Fauquier County Wine combines exceptional granite-based soils with warm summers that advance ripening, followed by cool autumn conditions that extend ripening time; resulting in the East Coast’s highest potential for quality wines. The rolling hills of the Piedmont transition to steep mountainside plantings, offering landscapes shifting from serene pastoral to enchanting forests and stunning vistas.
Fauquier County Wine History
While the piedmont has generally transitioned from traditional agriculture to vineyards; our mountainsides were once apple orchards which directly supplied the Washington DC area, until the low productivity of these soils was outcompeted by higher yielding states such as New York, Pennsylvania, and the West Coast; at which point national supply chains forever changed the economics of agriculture. The mountainsides were abandoned to natural reforestation, until today they are being reclaimed as the premier terroir for producing the highest quality wine grapes in Virginia and the East Coast.
The geological formation of Northern Fauquier is predominantly granite based, often as gneiss and schist which are metamorphic formations derived from granite and occasionally greenstone. The coarse texture of our soils lends itself to exceptional drainage, and provides grapes with concentration even in our moist ripening season.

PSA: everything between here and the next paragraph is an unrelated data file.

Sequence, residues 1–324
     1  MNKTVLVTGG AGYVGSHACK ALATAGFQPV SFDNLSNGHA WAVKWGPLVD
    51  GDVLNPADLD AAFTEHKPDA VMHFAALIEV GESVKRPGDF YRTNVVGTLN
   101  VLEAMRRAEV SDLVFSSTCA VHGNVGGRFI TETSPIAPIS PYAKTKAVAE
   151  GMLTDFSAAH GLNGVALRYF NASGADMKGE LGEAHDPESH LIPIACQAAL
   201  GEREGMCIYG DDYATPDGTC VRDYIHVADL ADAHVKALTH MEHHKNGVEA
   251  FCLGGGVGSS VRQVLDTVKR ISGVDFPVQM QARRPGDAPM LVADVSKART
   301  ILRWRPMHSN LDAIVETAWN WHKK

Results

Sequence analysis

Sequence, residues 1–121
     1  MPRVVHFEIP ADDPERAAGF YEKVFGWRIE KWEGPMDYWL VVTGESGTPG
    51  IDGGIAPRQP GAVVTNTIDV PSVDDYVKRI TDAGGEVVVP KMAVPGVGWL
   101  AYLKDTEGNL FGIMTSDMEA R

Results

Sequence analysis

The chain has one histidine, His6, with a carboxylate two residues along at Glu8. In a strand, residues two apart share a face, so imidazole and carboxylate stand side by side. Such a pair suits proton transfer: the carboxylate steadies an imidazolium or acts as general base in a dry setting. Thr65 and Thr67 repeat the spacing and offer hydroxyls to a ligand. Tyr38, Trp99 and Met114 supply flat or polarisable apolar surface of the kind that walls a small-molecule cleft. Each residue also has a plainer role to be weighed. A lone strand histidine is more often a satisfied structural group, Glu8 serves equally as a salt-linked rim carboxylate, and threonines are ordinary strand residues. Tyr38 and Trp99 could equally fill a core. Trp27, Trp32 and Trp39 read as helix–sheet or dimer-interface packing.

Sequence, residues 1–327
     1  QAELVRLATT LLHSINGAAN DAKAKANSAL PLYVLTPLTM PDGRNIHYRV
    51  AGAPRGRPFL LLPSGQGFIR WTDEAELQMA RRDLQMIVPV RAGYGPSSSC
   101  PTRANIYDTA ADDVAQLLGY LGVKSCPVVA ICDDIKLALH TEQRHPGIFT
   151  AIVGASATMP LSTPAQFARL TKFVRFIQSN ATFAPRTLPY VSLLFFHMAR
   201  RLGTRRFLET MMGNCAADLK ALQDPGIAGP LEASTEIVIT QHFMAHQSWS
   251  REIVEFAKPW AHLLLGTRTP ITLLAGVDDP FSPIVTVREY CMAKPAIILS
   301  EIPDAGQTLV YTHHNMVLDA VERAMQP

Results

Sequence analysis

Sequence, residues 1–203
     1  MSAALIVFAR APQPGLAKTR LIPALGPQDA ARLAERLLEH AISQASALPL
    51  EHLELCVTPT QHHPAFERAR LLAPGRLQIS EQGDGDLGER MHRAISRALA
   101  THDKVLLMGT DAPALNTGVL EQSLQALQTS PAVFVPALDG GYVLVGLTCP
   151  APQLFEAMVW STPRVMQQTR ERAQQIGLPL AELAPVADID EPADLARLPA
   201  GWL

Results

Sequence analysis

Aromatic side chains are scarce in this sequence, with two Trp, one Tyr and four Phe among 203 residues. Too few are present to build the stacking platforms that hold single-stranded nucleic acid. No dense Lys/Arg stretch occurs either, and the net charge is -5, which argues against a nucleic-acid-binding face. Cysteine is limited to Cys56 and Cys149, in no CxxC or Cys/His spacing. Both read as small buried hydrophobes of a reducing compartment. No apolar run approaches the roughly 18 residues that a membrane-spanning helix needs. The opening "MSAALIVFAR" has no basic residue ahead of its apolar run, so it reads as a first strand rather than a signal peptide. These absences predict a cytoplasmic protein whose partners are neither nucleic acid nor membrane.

Our vineyards range from 450’-650’ throughout the Piedmont, and can reach as high as 1,800’ on mountain sites; providing an opportunity to select the ideal grape varietals for each location. The rolling hills and mountainsides can offer amazing views, but also pose the challenge of topography. Winegrapes thrive in well drained soils on gentle slopes; as such our lower wet areas and exceptionally steep rocky locations must be removed from vineyard planting. This results in inherently small lot production, which exhibits distinct characteristics of each site and the region.
A unique attribute to Fauquier, is the rapid cooling of autumn as the grapes are approaching peak ripeness. The longer the grapes are allowed to ripen, the slower the progression, and simultaneous development of enhanced flavors and concentration. Under cooler conditions, the grapes tend to thrive under reduced disease pressure, facilitating the call for patience in quest for optimal fruit development.